How do you know if speech therapy is working?
How do you know if your child is getting the best speech therapy possible? How can you be sure of the quality of the services you receive?
You can confirm that your child is getting the best speech therapy possible by considering The Three Ms: Methods, Motivation, and Mastery.
Speech therapy is anchored in an accurate evaluation, appropriate activities, and strong research-based methods. Is speech therapy based on a deep understanding of the child’s strengths and challenges? Make sure you understand the reason for the speech therapy and the goals of therapy. Ask your therapist what techniques or methods are being used and why those particular techniques were chosen. Ask what research or evidence is available to support the techniques used by the speech therapist.
There are many therapy approaches and your therapist can tailor the approach to your child. There is no one perfect approach for all children. You can work together with your speech therapist to design an effective treatment plan.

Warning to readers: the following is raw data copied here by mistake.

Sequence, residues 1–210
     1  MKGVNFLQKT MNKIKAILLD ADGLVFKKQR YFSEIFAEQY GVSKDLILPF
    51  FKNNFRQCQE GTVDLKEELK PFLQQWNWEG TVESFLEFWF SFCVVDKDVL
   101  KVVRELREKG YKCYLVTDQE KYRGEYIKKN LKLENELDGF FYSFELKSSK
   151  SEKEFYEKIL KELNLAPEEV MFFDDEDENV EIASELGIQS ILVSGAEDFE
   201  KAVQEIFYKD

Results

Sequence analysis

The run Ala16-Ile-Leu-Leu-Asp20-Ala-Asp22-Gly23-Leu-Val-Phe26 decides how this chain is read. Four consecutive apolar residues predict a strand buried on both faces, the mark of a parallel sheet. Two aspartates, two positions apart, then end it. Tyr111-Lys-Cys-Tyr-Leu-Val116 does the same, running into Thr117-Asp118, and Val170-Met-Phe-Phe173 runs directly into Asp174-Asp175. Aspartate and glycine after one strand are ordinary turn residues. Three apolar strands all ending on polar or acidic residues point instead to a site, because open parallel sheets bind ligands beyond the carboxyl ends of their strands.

Take note of the actual speech therapy sessions. Are you welcome to observe and/or be involved in the therapy? If not, why not? Do you feel comfortable and believe that your therapist respects your family values and culture? You should end each session with an understanding of what the therapist suggests for you to work on between sessions.
Your child ought to have fun for at least most of the session. People don’t easily learn new skills when they are uncomfortable or under duress. While therapy sometimes requires stretching a child’s ability to handle an increased expectation, these moments are usually effective when surrounded by other moments of joy. Children learn best in an atmosphere of delight. What delights and engages one child may create discomfort in another child. Are the (carrier) activities for the speech therapy engaging and personally relevant for your child?
Does the speech therapy change depending on the mood, behavior, and performance of your child? A seasoned therapist is often responsive and fluid during a session to take advantage of dynamic learning opportunities that emerge during therapy.
Is your child making progress in speech therapy? Can you and your child take pride in new skills and successes? Other family members and friends should see growth and blossoming abilities. The new skills learned during speech therapy should be easily seen throughout other aspects of your child’s life. You ought to see the results.
Speech therapy can be an unexpected journey that a family embarks on with uncertainty and hesitation. Equipping yourself with a guide helps make the journey more pleasant and enlightening. You can use the three M’s as your guide: Methods, Motivation, and Mastery.